With HAPPY PEOPLE: A YEAR IN THE TAIGA, Werner Herzog and Russian co-director Dmitry Vasyukov takes viewers on yet another unforgettable journey into remote and extreme natural landscapes. The acclaimed filmmaker presents this visually stunning documentary about indigenous people living in the heart of the Siberian Taiga. Deep in the wilderness, far away from urban civilization, 300 people inhabit the small village of Bakhtia at the river Yenisei.

There are only two ways to reach this outpost: by helicopter or boat. There is no telephone, running water or medical aid. The locals, whose daily routines have barely changed over the last centuries, live according to their own values and cultural traditions. With insightful commentary written and narrated by Herzog, HAPPY PEOPLE: A YEAR IN THE TAIGA follows one of the Siberian trappers through all four seasons of the year to tell the story of a culture virtually untouched by modernity.

Werner Herzog's distinguished filmography includes documentaries (Grizzly Man, Encounters at the End of the World, Cave of Forgotten Dreams), narratives (Fitzcarraldo, Rescue Dawn), and many shorts. (C) Music Box

Another amazing portrait on the theme of happy people, again from the same location, has been captured by the incredible life-artworks set to inspire everyone going down their own path. Siberian Olga Kostina.



It is a unique beauty that adds character to the environment and to the universe.
Recalling the initial definitions
Instinctive artistic handcrafts
personal motivations
Another picture of color and form 
Color repetition
motifs
and the art of living
natural echo for art and for life
recycling
art forms of nature with colorful plastic materials in the eternal present
parsing through nature 
to fuse with nature

*Far away in the remote village of Kamarchaga, located in the Siberian Taiga, Russian pensioner Olga Kostina has decorated her wooden home with colorful patterns and images made from over 30,000 plastic bottle caps. Olga collected the bottle caps from soda bottles over the course of many years and she began using them to decorate the walls of her wooden house once she felt she had accumulated enough. She placed every single bottle cap by hand, using a hammer and nails to create traditional macrame motifs and various images of creatures living in the neighboring woodland.

She plans to cover her entire structure in plastic bottle caps in an effort to save the caps from landfills (and the difficult process in which thicker plastics are recycled) and has created a special work of art in the process. Kostina started collecting bottle caps many years ago to pass the time, at this point, neighbours and friends have started collecting their bottle caps and passing them on to the local artist in order to keep her project going. Personally, we greatly admire the initiative this wonderful woman has taken to beautify her house, she totally made us take a step back and say, like, WHOA!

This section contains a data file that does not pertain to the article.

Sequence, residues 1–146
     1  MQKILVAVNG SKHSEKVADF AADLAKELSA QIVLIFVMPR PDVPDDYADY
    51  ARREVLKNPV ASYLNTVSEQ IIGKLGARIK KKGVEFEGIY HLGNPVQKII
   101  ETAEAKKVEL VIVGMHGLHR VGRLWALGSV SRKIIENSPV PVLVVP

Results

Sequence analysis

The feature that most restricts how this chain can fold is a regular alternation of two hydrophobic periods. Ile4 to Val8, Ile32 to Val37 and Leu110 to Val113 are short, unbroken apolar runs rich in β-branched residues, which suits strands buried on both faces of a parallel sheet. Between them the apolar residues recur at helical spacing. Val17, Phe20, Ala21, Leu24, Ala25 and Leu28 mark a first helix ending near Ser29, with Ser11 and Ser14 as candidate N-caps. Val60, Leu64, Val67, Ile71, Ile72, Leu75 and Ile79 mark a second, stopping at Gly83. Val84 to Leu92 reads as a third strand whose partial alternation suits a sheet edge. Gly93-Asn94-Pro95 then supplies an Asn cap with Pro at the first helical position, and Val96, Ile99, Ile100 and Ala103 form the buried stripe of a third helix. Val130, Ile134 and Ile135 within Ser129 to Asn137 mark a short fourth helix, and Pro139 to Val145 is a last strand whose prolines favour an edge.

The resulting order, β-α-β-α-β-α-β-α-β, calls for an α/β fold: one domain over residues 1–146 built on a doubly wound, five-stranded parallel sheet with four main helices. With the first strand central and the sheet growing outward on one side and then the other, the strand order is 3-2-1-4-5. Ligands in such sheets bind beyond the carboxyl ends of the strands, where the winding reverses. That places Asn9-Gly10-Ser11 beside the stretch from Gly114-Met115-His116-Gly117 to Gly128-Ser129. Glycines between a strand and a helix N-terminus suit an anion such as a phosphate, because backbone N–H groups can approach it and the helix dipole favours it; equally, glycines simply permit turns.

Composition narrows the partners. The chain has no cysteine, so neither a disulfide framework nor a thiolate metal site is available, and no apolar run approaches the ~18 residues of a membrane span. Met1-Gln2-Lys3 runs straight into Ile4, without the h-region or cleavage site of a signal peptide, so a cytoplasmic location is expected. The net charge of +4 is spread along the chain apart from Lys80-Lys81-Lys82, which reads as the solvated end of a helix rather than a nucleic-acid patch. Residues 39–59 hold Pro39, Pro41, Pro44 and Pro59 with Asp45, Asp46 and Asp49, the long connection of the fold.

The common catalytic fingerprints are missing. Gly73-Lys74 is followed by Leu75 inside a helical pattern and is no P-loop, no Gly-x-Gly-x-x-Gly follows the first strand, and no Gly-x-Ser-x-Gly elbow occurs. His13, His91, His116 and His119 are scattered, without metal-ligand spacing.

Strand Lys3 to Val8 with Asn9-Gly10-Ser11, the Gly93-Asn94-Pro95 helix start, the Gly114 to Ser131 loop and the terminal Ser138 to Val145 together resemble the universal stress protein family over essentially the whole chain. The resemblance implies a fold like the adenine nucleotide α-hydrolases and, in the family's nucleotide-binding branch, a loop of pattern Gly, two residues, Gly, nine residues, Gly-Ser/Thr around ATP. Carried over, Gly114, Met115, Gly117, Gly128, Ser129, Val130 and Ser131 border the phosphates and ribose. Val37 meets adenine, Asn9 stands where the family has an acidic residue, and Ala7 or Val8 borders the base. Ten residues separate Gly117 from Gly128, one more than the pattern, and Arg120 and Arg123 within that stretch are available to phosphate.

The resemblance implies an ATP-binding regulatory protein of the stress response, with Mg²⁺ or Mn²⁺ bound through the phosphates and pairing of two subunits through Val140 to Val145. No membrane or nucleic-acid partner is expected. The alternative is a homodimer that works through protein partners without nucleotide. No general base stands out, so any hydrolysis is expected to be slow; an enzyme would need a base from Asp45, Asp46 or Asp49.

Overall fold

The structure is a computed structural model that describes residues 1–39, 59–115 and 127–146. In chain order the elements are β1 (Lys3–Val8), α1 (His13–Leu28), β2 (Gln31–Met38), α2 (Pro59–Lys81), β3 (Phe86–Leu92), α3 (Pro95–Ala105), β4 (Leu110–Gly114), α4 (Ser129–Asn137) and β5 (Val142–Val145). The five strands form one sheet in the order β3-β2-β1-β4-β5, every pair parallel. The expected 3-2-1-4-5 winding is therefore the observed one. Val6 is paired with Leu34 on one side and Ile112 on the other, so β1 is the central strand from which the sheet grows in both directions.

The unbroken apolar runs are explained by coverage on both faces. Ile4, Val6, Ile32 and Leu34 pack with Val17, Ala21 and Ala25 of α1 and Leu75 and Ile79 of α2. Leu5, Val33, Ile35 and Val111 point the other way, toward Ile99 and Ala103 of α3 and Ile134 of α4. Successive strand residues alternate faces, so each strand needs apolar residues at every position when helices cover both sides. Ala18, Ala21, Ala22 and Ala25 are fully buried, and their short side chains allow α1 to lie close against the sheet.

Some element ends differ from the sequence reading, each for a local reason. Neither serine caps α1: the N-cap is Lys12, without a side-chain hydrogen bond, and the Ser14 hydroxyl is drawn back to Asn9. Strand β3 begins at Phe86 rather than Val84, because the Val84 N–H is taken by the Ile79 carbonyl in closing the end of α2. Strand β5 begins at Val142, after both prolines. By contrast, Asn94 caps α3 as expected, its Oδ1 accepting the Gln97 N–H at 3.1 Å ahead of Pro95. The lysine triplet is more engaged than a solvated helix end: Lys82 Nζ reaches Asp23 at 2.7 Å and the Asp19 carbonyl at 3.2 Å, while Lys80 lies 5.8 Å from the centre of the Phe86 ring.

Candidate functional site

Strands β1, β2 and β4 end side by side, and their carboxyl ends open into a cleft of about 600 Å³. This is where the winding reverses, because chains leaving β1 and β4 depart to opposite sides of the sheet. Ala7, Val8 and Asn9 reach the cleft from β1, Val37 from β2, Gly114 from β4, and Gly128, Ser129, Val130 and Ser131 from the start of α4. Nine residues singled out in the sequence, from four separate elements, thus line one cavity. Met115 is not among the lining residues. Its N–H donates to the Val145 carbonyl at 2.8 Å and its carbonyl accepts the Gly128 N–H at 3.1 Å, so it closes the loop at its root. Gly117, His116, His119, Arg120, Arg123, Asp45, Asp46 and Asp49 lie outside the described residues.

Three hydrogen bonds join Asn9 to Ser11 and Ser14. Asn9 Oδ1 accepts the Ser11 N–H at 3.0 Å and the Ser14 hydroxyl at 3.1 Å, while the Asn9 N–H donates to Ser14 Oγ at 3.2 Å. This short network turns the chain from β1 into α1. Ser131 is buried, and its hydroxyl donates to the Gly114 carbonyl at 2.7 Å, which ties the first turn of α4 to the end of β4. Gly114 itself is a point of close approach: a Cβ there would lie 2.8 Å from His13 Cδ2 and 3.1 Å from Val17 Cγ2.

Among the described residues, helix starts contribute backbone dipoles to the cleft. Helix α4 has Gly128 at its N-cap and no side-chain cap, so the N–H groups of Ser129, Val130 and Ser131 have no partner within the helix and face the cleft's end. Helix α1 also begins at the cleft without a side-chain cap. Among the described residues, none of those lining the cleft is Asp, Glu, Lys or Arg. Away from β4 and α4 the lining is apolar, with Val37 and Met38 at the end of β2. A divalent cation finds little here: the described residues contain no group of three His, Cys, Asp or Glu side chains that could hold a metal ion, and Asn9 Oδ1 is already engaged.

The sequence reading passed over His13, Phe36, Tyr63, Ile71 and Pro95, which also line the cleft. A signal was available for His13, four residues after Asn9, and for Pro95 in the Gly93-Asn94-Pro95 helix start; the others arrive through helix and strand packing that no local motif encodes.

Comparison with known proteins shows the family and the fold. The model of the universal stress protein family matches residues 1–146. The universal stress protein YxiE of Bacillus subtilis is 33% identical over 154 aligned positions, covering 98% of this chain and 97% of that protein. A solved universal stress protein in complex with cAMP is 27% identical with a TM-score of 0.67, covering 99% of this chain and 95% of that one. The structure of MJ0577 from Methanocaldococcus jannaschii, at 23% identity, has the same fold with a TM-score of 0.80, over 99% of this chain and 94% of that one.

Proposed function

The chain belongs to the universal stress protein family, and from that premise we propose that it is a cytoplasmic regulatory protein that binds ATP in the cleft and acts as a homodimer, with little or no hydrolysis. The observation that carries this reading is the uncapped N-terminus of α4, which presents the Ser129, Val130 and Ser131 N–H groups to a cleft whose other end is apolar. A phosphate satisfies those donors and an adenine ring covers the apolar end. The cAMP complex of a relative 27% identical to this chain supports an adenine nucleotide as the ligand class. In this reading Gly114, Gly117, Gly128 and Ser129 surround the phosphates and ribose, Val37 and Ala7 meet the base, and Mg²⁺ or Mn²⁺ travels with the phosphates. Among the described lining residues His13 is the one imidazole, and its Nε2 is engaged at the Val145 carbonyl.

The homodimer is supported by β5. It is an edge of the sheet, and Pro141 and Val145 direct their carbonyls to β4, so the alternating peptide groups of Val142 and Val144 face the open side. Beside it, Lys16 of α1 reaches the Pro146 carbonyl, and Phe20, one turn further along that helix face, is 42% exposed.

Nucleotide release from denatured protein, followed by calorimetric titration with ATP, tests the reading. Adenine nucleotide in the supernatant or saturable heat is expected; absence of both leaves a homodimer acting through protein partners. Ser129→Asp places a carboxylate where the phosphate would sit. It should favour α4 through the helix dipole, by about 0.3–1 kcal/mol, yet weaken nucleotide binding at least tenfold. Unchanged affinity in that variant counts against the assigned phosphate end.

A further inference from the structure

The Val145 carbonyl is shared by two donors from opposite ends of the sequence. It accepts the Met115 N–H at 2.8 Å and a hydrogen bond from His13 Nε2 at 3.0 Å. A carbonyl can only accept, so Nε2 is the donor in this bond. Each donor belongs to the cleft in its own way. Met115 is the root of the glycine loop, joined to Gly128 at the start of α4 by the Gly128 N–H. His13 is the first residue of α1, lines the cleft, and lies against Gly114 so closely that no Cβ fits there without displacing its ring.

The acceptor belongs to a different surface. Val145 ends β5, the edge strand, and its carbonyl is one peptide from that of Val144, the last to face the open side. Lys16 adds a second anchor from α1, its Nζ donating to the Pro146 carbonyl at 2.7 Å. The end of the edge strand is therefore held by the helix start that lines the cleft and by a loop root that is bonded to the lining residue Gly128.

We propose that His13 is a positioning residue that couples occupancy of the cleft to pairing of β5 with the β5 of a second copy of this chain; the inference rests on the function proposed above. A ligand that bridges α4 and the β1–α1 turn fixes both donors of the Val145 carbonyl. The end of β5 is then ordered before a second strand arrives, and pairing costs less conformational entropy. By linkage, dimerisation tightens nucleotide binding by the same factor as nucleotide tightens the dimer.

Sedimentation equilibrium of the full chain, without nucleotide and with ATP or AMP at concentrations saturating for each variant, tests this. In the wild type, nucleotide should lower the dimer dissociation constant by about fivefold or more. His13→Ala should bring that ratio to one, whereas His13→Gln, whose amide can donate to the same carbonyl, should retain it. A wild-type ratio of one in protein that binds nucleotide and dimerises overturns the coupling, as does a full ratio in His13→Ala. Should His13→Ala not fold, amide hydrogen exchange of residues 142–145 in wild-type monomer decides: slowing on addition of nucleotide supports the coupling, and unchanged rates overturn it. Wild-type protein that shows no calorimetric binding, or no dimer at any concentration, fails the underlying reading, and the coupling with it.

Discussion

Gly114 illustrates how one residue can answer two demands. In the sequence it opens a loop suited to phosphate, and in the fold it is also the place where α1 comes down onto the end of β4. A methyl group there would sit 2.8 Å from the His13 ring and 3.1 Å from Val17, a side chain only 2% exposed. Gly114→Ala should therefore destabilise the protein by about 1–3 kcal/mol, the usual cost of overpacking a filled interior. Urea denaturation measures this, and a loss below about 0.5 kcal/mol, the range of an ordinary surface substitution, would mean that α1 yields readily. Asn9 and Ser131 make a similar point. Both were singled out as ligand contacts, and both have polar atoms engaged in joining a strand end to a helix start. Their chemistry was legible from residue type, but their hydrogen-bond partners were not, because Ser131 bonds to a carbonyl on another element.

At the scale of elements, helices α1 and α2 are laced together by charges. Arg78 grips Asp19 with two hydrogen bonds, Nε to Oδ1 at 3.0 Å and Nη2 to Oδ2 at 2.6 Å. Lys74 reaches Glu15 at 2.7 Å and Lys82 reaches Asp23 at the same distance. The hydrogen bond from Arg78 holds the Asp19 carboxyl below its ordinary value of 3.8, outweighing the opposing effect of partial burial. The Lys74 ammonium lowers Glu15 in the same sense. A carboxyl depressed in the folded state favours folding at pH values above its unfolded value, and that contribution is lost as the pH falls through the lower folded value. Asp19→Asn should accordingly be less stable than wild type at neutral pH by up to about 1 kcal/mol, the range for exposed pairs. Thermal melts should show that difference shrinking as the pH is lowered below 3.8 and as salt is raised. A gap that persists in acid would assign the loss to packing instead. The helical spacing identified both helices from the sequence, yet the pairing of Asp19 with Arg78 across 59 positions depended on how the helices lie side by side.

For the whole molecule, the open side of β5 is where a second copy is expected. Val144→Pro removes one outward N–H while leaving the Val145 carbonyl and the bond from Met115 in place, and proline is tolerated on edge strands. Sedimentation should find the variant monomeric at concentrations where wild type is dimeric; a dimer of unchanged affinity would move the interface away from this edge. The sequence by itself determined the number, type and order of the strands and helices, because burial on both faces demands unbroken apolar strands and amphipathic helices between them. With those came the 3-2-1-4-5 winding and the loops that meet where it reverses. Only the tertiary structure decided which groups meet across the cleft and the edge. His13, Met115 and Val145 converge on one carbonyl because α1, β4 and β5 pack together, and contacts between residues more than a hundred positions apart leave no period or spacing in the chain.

She has created a special work of art in the process. Kostina started collecting bottle caps many years ago to pass the time, at this point, neighbours and friends have started collecting their bottle caps and passing them on to the local artist in order to keep her project going. We love the initiative this wonderful woman has taken to beautify her house, she totally made us say, like, WHOA!



Another example of our theme for happy people *
files from two artists' projects
Finnish artist Riittaikonnen
Norwegian photographer Karoline Hjorth
&bull Eyes as Big as Plates .

Bengt from Eyes as Big as Platesexhibition,byRiittaIkonen and Karoline Hjorth, 2011
Finnish artist, Riitta Ikonen, graduated from the RCA in 2008, with an MA in communication design. Since then, she has had installations at Tate Britain in London, developed concepts for the Olympic Delivery Authority and worked collaboratively for It&rsquos Nice That. This winter she is presenting her new show Eyes as Big as Plates at  The Finnish-Norwegian Culture Institute in Oslo. She is currently based in New York.

Bengt from Eyes as Big as Plates exhibition, byRiitta Ikonen and Karoline Hjorth, 2011

How would you describe yourself in one sentence?

Originally from the deep eastern forests of Finland, I&rsquom a fresh New Yorker and a keen collaborator working mainly with photographers and costumes for communicative 

What&rsquos the feel of your upcoming show, Eyes as Big as Plates?
?Eyes as Big as Plates is the first collaborative venture between me and Norwegian photographer Karoline Hjorth. Inspired by the romantic&rsquos belief that folklore was the clearest reflection of the soul of a people, Eyes as Big as Plates started out as a play on characters and protagonists from Norwegian folklore. Rather than the manifestation of a specific folktale narrative, the meaning of each image is not explicit. Instead, the emptiness of the surrounding landscape encourages the viewer to project their own interpretation onto the figure in the scene. ?Each picture presents a lonesome figure in landscape, dressed by the elements of its surroundings. The anonymity of the archetypal backdrop and expulsion from the image of anything that could locate it to a specific site also encourages a sense of timelessness and universality. As in a children&rsquos tale where the forest could be any forest and the sea any sea, these portraits speak of cultural themes not confined to any national border. As the figures in Eyes as Big as Plates literally inhabit the landscapes, the natural world acts as both content and context. This blending of figure and ground recalls the way in which folk narratives animate the natural world through a personification of nature, embodying inanimate conditions with a consciousness.  This slippage of elderly figures into the landscape inevitably also suggests a return to the earth, a final celebration of lives that have been lived.purposes.